Meh: Achievements and titles.

Achievements seemed like a great idea in theory, but here most of them are just way too random for me to care. For example, I got one for clicking on myself ten times (…). I got one for being killed by a beast ten times. I got one for talking to ten NPCs. Oh great! It’s… wait, why do I care again? I’m sure some of the higher level ones will be better, but for now it’s just a bad implementation of a good idea: they don’t make me feel special at all and hold no value to me.
Same thing with titles; that’s the kind of thing players are convinced they need a ton of, but don’t realize how trivial it makes them. I got about ten tittles in the first ten levels, but they didn’t really mean anything. In Wow, I got my “Champion of the Naaru” title yesterday, and I will wear it proudly all the way to level 80 I’m sure.
So none of this is actually making the game less good, but it’s sort of a missed opportunity. The higher levels are sure to bring rare titles that will wow your team mates. But for now, all this is… meh.

Very very bad: Quests suck, PVE is boring.

We reach a milestone in my understanding of the game here.
At first I insisted on playing the game the way I usually play MMOs: going out and adventuring. Bad idea… I didn’t understand why this was so slow and painful, and why every quest is exactly the same as the one before it. But I think that in the end, WAR is a PVP game. PVE is tacked on, and they didn’t do a very good job at it. You definitely can feel it wasn’t their focus at all. Quests are incredibly repetitive and unimaginative. I mean, I know all MMOs have their measure of “kill ten rats” quests, and Wow is no different. But nowhere as much as this, even in the lower levels. And most MMOs manage to coat them in some manner of fun factor. Wow started mixing it up a lot in BC, and I never felt that the quests were boring in AOC, the quality of the narrative made sure of that. Here, at level 6 I was bored out of my skull doing the same quest over and over again: I kill “angry peasants” instead of “fallen demon souls”. Then I kill “bad breathed wolves” instead of “angry peasants”… Some might think “you’re being dishonest, it’s like that in every mmo” but I assure you that it’s usually not as bad.
The point is: most people will probably be pushed toward PVP, as I was. So let’s not dwell on the corpse of WAR PVE and move on to PVP.

Good: PVP is ubiquitous and rewarding.

Let’s be clear: there are world PVP objectives pretty much everywhere. This is very nice, except… well, the problem is that it’s not the most reliable thing (while leveling at least): if your faction controls them, there’s nothing to do. If ten players of the opposing faction are waiting for you there, you’ll just die again and again. And if a guy 10 levels above you gets in the mix, the fun vanishes completely. It can be frustrating but it’s all situational, and it changes from one minute to the next.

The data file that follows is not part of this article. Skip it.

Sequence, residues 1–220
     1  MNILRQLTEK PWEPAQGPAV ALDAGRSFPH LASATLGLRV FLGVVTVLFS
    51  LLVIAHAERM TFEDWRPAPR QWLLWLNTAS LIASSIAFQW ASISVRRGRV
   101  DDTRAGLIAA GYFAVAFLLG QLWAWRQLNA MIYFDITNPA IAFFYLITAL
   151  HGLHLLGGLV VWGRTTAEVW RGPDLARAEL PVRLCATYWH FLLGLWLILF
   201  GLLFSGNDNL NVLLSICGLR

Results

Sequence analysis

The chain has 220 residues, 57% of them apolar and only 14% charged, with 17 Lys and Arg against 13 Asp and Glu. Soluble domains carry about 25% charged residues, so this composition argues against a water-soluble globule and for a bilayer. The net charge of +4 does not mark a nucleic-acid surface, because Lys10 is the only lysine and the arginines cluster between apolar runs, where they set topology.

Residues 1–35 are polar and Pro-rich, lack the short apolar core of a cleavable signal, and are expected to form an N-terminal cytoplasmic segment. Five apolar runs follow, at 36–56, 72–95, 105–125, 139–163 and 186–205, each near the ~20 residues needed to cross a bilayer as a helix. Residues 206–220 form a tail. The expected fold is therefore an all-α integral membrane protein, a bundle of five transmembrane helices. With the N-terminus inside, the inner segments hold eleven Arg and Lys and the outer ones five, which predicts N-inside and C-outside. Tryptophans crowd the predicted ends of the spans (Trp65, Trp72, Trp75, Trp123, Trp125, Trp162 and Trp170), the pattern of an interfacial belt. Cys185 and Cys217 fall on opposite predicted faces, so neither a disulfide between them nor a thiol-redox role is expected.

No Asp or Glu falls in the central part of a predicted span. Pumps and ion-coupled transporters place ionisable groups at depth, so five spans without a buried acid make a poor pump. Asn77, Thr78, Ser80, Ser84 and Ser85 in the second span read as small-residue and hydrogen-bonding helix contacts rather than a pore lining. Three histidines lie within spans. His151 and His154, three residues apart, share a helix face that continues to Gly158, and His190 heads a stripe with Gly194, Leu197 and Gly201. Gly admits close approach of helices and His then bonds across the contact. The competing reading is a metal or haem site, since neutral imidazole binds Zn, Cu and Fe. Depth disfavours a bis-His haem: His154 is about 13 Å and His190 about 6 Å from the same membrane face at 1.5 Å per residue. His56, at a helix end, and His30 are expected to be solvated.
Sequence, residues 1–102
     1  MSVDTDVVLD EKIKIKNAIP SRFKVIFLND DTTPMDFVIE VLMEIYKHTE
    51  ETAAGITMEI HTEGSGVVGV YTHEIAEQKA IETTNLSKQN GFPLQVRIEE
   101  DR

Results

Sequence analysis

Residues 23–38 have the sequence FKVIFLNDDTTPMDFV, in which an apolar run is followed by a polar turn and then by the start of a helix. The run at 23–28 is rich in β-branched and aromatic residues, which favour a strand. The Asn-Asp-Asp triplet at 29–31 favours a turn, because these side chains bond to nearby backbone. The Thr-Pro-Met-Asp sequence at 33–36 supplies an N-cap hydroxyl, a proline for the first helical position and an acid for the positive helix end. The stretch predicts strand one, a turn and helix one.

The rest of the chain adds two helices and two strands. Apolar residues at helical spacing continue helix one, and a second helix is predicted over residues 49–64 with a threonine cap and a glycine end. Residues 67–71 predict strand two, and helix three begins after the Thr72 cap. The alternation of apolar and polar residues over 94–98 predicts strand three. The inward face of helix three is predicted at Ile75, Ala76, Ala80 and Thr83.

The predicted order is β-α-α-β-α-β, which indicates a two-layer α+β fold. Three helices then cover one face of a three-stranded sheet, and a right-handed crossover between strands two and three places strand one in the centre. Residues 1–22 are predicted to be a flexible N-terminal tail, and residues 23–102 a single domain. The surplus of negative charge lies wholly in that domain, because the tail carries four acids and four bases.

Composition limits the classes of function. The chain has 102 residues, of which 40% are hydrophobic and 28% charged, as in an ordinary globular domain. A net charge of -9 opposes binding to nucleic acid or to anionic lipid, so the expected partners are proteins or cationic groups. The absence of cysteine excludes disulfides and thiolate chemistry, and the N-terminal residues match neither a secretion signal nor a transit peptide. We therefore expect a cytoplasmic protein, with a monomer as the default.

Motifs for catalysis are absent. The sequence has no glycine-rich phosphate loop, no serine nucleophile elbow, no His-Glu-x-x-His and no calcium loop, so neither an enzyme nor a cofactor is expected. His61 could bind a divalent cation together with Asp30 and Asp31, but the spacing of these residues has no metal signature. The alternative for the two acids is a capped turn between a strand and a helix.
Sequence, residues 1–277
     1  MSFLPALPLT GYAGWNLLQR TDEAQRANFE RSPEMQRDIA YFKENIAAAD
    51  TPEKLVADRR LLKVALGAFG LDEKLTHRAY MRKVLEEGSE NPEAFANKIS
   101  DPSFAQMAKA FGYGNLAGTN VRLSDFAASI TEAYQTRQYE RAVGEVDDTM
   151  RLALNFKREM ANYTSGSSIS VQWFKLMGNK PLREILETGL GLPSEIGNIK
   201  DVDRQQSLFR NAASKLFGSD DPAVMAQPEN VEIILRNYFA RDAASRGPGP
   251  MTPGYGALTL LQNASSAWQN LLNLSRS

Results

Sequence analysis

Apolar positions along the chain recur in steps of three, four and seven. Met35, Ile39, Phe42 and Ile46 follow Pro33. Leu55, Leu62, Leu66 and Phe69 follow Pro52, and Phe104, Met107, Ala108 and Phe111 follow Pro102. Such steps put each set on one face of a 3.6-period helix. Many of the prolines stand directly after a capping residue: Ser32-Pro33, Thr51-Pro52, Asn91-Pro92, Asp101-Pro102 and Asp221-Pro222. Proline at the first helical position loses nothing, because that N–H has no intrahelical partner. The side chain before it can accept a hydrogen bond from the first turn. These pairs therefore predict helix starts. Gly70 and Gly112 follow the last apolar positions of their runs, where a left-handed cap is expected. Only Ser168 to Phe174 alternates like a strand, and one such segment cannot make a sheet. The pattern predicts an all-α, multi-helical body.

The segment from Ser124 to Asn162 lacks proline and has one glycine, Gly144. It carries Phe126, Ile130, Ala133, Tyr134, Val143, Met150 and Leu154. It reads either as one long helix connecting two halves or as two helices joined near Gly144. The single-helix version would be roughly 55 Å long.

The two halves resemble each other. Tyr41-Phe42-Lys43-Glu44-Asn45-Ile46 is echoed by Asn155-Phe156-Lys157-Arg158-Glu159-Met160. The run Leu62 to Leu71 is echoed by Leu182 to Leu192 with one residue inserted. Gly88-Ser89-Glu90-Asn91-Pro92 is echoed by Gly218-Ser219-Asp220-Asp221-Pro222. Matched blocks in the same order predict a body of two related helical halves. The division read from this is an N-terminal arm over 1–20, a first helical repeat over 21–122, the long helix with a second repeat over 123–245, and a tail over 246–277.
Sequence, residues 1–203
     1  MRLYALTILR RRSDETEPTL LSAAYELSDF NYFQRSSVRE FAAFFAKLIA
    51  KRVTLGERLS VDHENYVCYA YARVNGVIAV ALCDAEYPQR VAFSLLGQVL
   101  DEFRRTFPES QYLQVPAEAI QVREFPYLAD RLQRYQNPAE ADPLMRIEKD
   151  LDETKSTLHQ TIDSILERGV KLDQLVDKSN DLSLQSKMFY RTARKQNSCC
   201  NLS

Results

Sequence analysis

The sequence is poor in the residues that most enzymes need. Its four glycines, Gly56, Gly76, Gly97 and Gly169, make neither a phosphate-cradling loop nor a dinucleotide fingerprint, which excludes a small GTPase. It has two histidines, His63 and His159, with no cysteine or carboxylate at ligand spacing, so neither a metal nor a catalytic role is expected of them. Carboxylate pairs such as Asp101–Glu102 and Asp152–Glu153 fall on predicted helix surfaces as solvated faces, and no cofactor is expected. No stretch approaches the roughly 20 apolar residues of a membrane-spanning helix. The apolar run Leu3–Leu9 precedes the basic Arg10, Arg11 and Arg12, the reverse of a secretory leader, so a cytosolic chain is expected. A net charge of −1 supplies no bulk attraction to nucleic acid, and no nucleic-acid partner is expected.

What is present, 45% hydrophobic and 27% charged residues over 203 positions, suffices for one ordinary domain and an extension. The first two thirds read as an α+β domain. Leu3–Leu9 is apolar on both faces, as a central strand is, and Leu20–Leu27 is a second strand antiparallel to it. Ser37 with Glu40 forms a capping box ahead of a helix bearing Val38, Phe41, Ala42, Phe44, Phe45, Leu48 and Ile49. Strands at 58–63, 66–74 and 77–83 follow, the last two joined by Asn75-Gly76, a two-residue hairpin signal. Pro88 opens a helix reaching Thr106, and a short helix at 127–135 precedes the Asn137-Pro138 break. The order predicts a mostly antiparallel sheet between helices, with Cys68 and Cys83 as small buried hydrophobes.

So I try that for a bit, and then jump into scenarios again; I realize that I’m earning “Reknown points” every time I PVP a bit. And when I have enough, I get a new Reknown rank. Cool, what’s this? Well, it’s like a level, except for PVP. I get a sort of special PVP talent tree where I can spend my PVP ranks and I’m allowed to buy really competitive gear for dirt cheap prices. It might start feeling like more of a grind at higher levels, but for now it’s absolutely painless; I feel rewarded and taken care of, thanks Mythic!
By the way, did I say that I also get a ton of XP doing PVP? And I do mean a ton: I level about twice as fast doing the same scenario over and over again. As I said, the quests felt like a horrible grind. However you turn it, the way to go seems to be PVP. Maybe even exclusively. It makes even more practical sense actually: since you gain reknown points in PVP and not in PVE, there is a danger that doing PVE is actually detrimental to your progression, because you do need those ranks…

Good: Random PVP battles and death penalty.

Whenever a couple of guys start fighting it out in the world, it puts a small “war” stamp on the minimap. This helps you take part in the battle straight away, which is nice.
And when you die, you come back with a 3 minutes damage penalty for PVP death and 15 minutes for PVE. In both cases, the debuff can be removed by paying a small amount of money, effectively making the death penalty a minor, optional money sink. Great system, best of both worlds (penatly if you want to get back in straight away, no problem if you want to leave).

Bad: Scenario queuing, specific incentives and gameplay.

It’s only fitting that the last comment is about about scenario mechanics.